Indentured passengers on the Mayflower
There were a range of different passengers on the Mayflower, a mixture of Separatist families and others sent to help establish a new colony by those sponsoring the voyage.
Some of the families were accompanied by servants, which Bradford – who became the Governor of the colony within its first year – later recorded in his diary:
• 2 man-servants, John Howland and Roger Wilder* & a maid servant* with the Carvers
• 2 men servants, George Soule & Elias Story* with the Winslows
• a servant boy, John Hooke* [tailor’s apprentice] with the Allertons
• a servant, William Butten* with Samuel Fuller
• 2 servants, Solomon Prower* & John Langemore* with the Martins
• a servant, Robert Carter* with the Mullins
• 2 servants, William Holbeck* & Edward Thomson* with the Whites
• 2 servants, Edward Doty & Edward Lister with the Hopkins
*died within the first year
Only about half of the ship’s passengers survived the first year in America, and of these 14 servants, only four survived, suggesting that being a servant didn’t really offer you the best chances for survival.
For servants who were indentured, this meant working for a set period of time before being able to leave, and this was often done in the 1600s by those seeking passage to America. They would work as unpaid labour in exchange for their passage and sometimes a small amount of money or land at the end of the term. The harsh reality of this form of bondage was clearly the risk that you were unlikely to live to the end of the term of your contract.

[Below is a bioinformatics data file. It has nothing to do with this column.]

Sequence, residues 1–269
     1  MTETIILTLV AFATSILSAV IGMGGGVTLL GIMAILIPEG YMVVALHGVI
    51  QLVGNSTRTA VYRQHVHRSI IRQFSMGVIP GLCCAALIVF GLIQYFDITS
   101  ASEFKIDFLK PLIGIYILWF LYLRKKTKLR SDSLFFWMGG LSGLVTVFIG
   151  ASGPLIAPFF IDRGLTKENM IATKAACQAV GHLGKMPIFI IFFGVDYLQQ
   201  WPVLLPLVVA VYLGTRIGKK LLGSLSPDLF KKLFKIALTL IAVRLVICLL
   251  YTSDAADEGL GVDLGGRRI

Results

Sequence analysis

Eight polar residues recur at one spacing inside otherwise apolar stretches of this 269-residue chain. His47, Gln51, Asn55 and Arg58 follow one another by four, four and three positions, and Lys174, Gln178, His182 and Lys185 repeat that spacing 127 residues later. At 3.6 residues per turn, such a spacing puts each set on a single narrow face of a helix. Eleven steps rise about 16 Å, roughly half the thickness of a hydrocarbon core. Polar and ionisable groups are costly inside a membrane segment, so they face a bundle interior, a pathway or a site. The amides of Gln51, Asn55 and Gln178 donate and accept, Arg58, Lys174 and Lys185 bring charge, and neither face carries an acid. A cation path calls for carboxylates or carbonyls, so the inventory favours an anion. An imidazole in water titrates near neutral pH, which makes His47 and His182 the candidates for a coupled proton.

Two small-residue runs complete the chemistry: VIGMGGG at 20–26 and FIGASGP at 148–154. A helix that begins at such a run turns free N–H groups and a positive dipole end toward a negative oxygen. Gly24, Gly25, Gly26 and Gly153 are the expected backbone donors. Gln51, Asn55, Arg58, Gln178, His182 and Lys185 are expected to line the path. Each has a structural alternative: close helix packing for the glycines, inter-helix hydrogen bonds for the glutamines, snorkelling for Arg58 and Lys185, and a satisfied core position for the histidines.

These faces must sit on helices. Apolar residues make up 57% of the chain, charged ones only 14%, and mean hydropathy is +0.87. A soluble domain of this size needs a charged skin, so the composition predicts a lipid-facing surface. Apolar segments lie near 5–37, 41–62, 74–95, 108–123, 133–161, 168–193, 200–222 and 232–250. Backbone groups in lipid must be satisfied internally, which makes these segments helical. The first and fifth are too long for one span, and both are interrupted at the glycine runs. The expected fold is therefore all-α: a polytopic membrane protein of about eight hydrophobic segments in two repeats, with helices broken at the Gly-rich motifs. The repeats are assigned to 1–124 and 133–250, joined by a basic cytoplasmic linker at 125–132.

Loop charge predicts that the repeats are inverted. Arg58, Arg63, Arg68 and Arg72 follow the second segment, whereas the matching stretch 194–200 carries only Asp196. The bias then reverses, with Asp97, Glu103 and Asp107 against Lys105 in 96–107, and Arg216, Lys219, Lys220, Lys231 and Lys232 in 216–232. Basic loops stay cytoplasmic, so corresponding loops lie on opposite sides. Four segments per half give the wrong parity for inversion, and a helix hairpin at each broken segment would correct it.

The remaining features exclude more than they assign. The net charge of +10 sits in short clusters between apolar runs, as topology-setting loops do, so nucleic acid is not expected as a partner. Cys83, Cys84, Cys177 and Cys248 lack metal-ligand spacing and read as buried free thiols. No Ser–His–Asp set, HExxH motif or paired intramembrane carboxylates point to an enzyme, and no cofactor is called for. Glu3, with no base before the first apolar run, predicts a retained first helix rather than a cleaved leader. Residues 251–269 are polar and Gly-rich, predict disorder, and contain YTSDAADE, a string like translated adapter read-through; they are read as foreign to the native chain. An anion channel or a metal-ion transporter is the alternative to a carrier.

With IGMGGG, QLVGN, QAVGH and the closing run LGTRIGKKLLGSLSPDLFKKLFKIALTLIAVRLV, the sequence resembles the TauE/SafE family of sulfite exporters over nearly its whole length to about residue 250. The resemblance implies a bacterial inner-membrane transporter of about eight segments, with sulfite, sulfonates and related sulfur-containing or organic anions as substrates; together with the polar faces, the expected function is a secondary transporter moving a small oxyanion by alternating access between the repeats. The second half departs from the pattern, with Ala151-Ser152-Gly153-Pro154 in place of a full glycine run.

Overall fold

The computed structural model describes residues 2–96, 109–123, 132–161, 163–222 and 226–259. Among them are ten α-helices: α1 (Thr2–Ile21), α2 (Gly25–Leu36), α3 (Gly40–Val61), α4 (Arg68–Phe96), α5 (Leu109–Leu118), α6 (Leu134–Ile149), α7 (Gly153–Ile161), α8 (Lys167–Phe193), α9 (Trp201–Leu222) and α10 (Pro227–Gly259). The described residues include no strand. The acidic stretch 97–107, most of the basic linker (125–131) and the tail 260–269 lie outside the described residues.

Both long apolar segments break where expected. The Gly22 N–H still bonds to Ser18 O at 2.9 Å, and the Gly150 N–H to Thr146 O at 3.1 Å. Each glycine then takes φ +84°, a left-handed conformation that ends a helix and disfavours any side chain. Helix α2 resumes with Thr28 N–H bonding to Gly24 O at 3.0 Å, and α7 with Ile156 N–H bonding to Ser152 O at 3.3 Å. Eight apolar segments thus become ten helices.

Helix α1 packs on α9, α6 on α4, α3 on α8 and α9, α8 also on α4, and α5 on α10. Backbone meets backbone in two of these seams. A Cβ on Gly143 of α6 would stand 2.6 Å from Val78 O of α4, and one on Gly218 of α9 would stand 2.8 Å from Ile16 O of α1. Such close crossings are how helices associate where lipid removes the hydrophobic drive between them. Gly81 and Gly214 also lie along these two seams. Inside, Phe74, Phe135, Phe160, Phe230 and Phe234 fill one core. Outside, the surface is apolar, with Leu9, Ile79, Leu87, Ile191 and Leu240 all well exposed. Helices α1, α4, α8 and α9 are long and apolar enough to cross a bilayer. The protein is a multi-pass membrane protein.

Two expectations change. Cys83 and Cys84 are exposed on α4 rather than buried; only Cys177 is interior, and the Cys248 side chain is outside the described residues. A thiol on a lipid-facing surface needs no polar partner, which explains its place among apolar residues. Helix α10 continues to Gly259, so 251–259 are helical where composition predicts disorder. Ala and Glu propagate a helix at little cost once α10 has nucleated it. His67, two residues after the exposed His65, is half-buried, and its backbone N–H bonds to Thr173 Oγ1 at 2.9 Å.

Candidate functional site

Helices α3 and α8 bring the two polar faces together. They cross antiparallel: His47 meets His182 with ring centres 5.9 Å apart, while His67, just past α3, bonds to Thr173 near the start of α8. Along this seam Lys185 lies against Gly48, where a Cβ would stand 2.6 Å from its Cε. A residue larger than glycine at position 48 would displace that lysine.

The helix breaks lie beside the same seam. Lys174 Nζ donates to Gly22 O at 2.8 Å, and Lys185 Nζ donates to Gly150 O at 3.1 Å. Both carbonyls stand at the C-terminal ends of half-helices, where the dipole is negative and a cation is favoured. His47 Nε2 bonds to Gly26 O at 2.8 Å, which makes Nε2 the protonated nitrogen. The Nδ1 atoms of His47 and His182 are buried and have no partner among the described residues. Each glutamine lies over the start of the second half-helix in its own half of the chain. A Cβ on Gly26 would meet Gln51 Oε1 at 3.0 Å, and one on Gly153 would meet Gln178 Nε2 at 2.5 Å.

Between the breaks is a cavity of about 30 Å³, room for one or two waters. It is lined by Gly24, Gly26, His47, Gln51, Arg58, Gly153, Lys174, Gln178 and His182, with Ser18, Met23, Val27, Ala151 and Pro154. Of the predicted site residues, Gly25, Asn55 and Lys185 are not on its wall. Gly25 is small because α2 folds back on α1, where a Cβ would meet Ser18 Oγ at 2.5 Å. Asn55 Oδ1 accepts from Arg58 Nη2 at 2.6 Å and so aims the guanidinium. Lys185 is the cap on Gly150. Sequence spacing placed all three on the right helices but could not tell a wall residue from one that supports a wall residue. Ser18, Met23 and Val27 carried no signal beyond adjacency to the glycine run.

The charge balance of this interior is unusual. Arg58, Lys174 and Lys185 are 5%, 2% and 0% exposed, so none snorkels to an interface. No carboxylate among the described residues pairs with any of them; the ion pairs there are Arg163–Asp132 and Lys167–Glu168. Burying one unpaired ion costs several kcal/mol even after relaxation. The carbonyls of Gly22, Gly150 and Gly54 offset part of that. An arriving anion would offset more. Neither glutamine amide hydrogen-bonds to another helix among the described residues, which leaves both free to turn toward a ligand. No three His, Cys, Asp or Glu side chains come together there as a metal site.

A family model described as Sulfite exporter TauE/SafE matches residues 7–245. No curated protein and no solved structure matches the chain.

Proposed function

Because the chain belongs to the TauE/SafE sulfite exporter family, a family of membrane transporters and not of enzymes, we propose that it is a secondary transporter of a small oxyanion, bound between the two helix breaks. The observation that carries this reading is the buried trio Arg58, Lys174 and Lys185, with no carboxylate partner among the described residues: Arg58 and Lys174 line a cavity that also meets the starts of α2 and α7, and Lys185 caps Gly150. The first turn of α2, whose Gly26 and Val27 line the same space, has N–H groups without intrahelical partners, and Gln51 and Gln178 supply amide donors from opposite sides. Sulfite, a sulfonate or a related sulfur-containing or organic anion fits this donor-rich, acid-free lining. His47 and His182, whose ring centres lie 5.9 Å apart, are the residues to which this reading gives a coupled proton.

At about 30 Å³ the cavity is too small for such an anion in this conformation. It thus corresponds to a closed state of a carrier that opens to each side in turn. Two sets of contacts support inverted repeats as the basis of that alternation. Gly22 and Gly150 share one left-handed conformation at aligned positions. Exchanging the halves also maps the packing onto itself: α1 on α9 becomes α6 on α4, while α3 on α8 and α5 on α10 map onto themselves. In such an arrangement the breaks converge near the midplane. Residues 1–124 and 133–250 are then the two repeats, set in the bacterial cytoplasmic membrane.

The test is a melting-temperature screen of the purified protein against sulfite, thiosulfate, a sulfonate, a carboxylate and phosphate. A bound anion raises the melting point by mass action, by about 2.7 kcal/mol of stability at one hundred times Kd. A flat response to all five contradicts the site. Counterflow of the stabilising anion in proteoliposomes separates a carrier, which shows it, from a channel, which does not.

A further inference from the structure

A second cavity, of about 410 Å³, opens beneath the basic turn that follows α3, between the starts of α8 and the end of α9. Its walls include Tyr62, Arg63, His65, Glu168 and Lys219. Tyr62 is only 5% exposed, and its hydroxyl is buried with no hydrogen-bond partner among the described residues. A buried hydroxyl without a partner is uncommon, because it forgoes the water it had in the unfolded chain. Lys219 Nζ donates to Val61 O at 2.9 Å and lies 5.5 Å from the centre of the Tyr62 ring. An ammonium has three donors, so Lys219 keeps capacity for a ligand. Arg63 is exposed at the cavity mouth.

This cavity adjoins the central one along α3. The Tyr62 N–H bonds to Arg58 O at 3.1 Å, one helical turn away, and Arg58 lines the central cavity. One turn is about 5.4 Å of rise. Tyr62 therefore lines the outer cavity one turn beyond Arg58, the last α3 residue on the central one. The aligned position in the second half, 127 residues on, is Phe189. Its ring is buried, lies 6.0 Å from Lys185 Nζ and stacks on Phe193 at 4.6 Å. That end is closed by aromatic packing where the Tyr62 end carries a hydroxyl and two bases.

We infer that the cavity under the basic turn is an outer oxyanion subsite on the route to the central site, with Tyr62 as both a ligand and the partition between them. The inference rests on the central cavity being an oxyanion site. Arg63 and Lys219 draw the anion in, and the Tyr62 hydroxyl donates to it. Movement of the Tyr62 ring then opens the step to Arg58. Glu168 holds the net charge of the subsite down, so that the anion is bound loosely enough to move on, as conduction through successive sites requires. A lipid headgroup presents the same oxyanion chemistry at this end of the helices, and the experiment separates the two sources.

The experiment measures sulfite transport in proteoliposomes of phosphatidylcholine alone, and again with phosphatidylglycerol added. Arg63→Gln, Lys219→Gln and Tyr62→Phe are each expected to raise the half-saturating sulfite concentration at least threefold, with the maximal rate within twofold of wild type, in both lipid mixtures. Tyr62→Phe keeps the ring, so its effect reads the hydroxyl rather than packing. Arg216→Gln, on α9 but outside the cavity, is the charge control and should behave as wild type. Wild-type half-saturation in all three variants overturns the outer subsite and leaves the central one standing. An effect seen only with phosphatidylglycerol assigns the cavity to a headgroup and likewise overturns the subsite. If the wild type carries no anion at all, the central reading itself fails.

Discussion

Of those servants on the Mayflower who did survive, they had many descendants. Edward Doty had 9 children, while John Howland had ten. Howland was also lucky to survive the voyage after he fell overboard during a storm, but managed to grab a rope from the sails before being pulled back in.
George Soule had nine children, and moved with his family to Duxbury, a town founded near Plymouth in America where he took on a number of civic roles.
Latham stayed for 20 years in the colony before returning to England then going to the Bahamas.
Lister and Doty were apparently quite rowdy, getting into a duel together and being sentenced to have their hands and feet tied together for a day.
If you’re interested in finding out more about the servants, or any of the other passengers on the Mayflower, you might be interested in Caleb Johnson’s Mayflower History Passenger List and the American Ancestors Mayflower Meet the Passengers resource.
Next week: Voyage – the final journey to America for the colonists…